The head coach has always been in Sammy Watkins’ corner. Back in training camp, coach Rex Ryan “introduced” the wide receiver to all of his quarterbacks.
By the way, he told all of them half-jokingly, have you met Sammy Watkins? Ryan wanted his quarterback throwing Watkins the ball from Day 1. So after seeing his No. 1 receiver go an entire half without a target, Ryan spoke up Wednesday.
“We’ve got to find ways to get him the football,” Ryan said, “because he is that talented and that’s a challenge to our staff. Even our quarterback. Let’s get Sammy Watkins involved more and regardless of what people play because he is such a talent. It’s almost like, if you don’t use LeSean McCoy, that’s a mistake.”
Heading into the 20-13 loss at New England, the Bills wanted to exploit what they viewed as a mismatch with Chris Hogan vs. safety Patrick Chung. Even then, he knows the Bills can’t ignore such a playmaker.
Watkins voiced his opinion to The News earlier this season, saying he wanted 10 targets a game. As he explained, one of his agents even reached out to the team. Watkins suffered an ankle injury, missed a game, then shredded the Miami Dolphins for 168 yards on eight receptions with a touchdown. The plan to get the ball to Hogan was a wise one at Gillette Stadium - he got separation on Chung much of the game. Once he burnt him, for 42 yards. Another play, quarterback Tyrod Taylor missed Hogan on a potential 34-yard touchdown.
All season, Hogan has been getting a step on defensive backs in his own right. Still, Ryan knows the Bills must prioritize Watkins, adding “Do I think he can help us by getting him the football, more involved? I absolutely do.”
Taylor, to a point, echoed his coach.
“You definitely want to get your playmakers the ball,” Taylor said, “and Sammy’s one of our playmakers.”
But he’s also a first-year starter who doesn’t plan on chucking the ball into double coverage throughout a game if defenses double-team Watkins.
Said Taylor, “I’m not going into a game trying to force it to one guy, or another. The coverage dictates where the ball goes.”
New England often shaded a safety over the top on Watkins. How will the Kansas City Chiefs scheme against Buffalo?
Odds are, they’ll be using rookie Marcus Peters on him. The first-round pick once kicked off his team in college has been a revelation for the Chiefs with 42 tackles (38 solo), 14 passes defensed and four interceptions. Last week, Peters shadowed Cincinnati’s A.J. Green. For all of the reaction to Watkins’ words in mid-October, he had a valid point. The 6-foot-1, 211-pounder is a rare talent as his schooling of veteran Brent Grimes attested just three weeks ago.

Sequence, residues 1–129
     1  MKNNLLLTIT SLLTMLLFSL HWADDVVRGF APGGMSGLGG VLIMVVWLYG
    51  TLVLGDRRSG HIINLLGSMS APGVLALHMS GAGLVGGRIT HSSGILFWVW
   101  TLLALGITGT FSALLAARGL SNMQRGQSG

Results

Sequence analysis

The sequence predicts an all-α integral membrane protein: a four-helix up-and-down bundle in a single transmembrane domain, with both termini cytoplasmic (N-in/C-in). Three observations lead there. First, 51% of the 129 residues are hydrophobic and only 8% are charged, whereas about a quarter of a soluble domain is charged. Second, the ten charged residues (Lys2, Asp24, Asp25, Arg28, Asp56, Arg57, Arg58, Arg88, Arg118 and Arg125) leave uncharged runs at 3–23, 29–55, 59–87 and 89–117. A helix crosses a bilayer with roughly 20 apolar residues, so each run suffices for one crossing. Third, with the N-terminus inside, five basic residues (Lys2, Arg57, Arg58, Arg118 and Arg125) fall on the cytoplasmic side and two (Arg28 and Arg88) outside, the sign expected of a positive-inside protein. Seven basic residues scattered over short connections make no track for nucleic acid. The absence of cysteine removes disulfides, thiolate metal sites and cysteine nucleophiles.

Sitting at his locker this Wednesday, Watkins pointed to the fact that this Buffalo offense is still young and searching for “chemistry” and “trust.”
The New England Patriots and Tom Brady are on a different level.
“Everything happens with trust,” Watkins said. “It’s our first year together so everybody can’t look at us and expect us to be on the same page Brady is with his guys or any other quarterback who had plenty of time - three, four years with those guys. We’re still young as a whole group.”
The two weren’t able to work together Wednesday. While Taylor practiced, he only handed the ball off while recovering from his shoulder injury.
No, it wasn’t necessarily reassuring to hear that his coach wants the ball going his way. Watkins didn’t call for the ball or anything. He says it’s about winning and the Bills did not win.
“At the end of the day,” Watkins said. “it’s not just because I’m not getting the ball. There are other players who could’ve made plays or had an opportunity to make plays. And we didn’t make them. I could sit here and say I need the ball 10 times. But at the end of the day, would that have won us the game? We don’t know. ... We have to keep practicing, keep getting better and stick with each other. We can’t look back at what we did. We just have to look forward and move past it and going out beating K.C.”